“Beethoven Remembered”, is a compilation of the composer’s own jottings and letters, as gathered by his best friend, Franz Wegeler, and his student, Ferdnand Ries, has been available in English only relatively recently (1987), and given to me by a wonderful former student when he moved away.

The other book is Leon Fleisher’s memoir, “My Nine Lives”–amusing, inspiring, and entirely HUMAN…so much so, that I ended in writing him a letter, and mailing it , unlike the one I once wrote to Beethoven! Those of us who are blessed (or cursed) with artistic natures, are stuck with our more reactive, neurotic, spontaneous responses, and our heightened despair and impotence to make our lives whole again.

Instead of recounting some of the heartbreaking stories and miseries that were all around us on Long Island and in the Northeast, I will say that in particular, one of my favorite people and students, and a wonderful pianist, Edward, and his wife Ellen, lost most of the interior of their house near the water, and have subsequently moved their grand piano into storage. When he told me he “had lost so much music with your markings and fingerings”, and the lengths he went to to rescue the notebooks into which I have scribbled whatever insights and suggestions about the music we work on, it touched me more than anything…I will help him to replace lost music with whatever extra copies I have in my library, and gladly teach him senza ricompensa for however long it takes for him to regain his equilibrium.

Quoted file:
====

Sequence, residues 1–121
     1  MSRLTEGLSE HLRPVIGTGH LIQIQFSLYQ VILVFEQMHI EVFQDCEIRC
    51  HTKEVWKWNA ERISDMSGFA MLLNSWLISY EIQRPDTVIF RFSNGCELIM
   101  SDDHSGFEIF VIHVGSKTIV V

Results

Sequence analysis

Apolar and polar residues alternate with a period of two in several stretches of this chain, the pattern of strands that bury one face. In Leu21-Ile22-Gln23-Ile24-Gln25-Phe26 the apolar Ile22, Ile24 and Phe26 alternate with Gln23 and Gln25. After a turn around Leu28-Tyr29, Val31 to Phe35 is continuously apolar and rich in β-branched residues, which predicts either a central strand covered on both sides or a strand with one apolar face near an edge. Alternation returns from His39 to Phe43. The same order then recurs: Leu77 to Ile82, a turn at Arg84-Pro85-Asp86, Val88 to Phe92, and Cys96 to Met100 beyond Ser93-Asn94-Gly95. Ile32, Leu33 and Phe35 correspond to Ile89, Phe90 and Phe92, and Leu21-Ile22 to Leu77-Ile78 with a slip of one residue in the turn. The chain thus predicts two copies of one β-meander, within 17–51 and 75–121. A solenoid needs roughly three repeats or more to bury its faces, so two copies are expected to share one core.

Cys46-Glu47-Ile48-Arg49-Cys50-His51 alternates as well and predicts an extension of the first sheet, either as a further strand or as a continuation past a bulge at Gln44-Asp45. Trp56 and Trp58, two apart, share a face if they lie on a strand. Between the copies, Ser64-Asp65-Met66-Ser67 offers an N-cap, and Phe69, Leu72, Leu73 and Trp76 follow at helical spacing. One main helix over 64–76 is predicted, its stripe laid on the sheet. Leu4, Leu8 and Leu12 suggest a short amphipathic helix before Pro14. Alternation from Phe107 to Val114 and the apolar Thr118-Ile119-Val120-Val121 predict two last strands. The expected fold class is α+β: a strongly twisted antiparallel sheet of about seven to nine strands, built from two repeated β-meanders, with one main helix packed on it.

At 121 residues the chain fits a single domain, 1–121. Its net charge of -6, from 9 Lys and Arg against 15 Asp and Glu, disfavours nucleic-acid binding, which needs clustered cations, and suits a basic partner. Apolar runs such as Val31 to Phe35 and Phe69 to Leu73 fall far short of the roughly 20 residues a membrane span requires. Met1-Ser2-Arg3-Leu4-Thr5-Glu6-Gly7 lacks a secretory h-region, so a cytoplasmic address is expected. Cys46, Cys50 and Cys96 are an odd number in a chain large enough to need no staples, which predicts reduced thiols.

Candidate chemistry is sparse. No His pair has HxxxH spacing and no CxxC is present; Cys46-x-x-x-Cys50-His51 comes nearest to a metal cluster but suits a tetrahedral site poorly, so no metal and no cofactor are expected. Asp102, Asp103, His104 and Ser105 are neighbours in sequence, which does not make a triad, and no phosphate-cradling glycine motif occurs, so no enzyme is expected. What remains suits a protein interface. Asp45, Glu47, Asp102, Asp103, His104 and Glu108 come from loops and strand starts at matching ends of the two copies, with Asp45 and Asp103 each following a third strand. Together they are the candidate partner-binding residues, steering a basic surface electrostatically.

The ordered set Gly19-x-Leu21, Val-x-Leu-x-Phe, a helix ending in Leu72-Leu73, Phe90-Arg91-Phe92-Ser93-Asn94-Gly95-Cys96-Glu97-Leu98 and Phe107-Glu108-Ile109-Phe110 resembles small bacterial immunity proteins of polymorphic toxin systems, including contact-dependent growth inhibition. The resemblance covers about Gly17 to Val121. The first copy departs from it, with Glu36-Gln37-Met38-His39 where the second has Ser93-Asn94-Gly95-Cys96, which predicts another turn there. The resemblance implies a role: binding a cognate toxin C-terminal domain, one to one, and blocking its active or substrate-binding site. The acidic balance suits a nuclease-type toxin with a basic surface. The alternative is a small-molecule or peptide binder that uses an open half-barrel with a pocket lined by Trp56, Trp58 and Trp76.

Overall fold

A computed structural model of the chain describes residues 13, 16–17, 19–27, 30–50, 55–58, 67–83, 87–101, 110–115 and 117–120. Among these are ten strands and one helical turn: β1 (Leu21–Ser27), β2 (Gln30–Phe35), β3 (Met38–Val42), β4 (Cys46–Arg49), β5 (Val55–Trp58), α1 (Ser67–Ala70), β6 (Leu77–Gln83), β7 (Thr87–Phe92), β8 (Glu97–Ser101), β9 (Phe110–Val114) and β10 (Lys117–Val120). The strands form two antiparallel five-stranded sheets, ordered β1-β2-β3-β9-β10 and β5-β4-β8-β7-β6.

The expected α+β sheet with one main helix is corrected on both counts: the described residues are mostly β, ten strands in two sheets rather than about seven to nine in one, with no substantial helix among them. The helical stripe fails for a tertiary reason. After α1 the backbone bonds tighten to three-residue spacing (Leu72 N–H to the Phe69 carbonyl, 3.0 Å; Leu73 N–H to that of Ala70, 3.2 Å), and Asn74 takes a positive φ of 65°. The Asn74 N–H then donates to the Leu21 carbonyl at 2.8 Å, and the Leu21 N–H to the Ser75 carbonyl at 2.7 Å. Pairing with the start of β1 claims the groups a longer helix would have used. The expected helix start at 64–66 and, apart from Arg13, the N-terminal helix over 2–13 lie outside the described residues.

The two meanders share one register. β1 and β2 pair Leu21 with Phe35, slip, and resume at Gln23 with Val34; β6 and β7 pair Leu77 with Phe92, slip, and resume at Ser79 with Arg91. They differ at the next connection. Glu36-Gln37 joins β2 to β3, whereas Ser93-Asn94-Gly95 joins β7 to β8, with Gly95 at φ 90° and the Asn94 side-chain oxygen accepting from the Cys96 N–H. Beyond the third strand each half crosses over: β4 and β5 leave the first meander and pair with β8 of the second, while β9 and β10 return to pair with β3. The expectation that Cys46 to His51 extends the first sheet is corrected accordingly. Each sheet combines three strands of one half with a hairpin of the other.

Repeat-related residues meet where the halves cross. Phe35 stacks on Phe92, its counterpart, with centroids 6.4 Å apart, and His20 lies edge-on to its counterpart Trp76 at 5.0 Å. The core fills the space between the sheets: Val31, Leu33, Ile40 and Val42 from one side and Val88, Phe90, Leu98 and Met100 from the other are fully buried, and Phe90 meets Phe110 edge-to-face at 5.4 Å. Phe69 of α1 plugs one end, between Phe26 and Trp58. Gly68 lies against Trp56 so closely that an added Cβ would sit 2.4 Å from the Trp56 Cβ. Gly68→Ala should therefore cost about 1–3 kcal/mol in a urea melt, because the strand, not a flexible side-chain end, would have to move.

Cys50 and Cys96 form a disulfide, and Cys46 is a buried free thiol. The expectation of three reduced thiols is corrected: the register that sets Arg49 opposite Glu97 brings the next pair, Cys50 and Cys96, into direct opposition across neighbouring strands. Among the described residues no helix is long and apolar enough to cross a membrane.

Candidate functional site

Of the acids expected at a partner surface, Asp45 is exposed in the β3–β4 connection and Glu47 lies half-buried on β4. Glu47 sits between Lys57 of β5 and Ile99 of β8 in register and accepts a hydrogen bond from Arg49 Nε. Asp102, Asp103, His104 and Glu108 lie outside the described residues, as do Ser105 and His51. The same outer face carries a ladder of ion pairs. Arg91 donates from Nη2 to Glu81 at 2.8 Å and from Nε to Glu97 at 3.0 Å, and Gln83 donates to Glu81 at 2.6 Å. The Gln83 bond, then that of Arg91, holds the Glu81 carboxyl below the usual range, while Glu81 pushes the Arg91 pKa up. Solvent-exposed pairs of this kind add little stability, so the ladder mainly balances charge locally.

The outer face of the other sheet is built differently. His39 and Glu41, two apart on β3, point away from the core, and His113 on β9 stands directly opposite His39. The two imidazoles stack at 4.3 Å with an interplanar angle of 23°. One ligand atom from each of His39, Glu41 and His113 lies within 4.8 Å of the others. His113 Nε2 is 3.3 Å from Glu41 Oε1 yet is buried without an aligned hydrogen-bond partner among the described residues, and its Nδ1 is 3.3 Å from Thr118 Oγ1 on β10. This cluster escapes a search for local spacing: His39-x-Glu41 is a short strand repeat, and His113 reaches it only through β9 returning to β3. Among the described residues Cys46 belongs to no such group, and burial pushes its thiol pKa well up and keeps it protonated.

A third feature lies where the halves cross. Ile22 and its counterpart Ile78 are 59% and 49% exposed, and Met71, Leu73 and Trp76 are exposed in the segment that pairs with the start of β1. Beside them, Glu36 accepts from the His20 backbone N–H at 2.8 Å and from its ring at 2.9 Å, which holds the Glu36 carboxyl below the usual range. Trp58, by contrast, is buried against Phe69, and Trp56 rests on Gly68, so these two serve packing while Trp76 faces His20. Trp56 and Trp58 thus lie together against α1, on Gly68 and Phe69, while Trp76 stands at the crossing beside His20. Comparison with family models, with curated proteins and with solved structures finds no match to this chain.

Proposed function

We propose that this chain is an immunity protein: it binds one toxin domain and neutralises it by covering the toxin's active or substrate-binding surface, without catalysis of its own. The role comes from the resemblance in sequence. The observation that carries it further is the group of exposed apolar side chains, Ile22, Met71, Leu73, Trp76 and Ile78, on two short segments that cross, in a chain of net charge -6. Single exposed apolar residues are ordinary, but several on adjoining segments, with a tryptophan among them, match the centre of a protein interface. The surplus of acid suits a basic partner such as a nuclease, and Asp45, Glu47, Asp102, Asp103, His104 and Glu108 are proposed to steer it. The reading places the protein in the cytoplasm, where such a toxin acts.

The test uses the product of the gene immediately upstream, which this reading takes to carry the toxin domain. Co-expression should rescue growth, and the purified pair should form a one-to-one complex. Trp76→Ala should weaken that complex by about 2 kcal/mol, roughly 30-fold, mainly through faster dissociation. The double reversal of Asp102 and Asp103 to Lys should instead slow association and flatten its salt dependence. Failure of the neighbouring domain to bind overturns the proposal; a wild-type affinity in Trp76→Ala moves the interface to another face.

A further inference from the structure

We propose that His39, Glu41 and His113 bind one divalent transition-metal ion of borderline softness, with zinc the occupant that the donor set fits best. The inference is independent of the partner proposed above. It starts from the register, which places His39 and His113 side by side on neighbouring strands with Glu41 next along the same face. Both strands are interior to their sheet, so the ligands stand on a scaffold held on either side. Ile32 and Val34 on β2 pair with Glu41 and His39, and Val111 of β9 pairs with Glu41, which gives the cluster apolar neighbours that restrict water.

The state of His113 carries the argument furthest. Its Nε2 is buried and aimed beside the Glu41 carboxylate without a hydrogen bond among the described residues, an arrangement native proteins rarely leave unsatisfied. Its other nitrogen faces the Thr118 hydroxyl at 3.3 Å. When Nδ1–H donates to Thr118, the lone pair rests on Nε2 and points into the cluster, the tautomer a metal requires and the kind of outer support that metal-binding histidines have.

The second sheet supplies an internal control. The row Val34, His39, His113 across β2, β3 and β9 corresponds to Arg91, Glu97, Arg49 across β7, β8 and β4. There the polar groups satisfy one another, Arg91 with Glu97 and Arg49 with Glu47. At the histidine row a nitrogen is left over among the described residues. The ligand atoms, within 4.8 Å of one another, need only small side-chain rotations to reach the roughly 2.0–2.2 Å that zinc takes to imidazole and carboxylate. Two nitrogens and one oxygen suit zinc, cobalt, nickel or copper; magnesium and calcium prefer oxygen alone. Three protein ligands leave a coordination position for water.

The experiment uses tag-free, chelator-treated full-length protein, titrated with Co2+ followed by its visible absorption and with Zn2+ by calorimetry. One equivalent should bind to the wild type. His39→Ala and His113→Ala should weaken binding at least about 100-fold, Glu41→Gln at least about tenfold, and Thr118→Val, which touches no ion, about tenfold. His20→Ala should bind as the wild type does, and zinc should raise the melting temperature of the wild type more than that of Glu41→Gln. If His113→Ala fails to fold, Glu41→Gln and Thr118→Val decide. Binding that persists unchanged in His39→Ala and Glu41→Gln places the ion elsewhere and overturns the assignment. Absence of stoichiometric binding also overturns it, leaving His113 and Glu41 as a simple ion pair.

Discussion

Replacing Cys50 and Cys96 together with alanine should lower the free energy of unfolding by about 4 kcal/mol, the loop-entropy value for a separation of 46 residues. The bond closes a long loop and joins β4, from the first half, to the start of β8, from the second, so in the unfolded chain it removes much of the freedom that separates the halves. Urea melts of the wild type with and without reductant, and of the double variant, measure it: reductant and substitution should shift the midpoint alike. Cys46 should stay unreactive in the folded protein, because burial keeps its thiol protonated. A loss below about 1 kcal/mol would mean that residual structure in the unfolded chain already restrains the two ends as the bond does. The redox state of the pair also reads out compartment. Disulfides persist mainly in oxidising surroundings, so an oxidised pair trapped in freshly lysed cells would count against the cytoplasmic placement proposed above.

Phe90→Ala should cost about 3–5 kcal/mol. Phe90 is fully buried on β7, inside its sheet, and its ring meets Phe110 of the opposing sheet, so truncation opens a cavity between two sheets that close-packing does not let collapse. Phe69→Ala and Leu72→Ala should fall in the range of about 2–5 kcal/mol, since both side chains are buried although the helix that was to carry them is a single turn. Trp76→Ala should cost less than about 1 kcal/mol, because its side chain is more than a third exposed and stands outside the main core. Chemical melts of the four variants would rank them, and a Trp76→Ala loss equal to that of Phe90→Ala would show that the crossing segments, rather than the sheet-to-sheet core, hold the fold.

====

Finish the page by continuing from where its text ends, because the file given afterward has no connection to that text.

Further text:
1 thought on “The Superstorm

  1. Insomnia has struck so I read your blog and it left me with many thoughts.

    Regaining equilibrium – the way you ended your blog resonated a great deal within me. After any type of trauma, that’s what we as humans basically try to do, however long it may take. Forces beyond our control shake us, topple us down, stripping us down to our bare roots, and we’re left to pick up the pieces and make sense of it all. The resulting frustration about our own human limitations lingers. Man vs. The Forces of Nature, a never-ending, losing battle.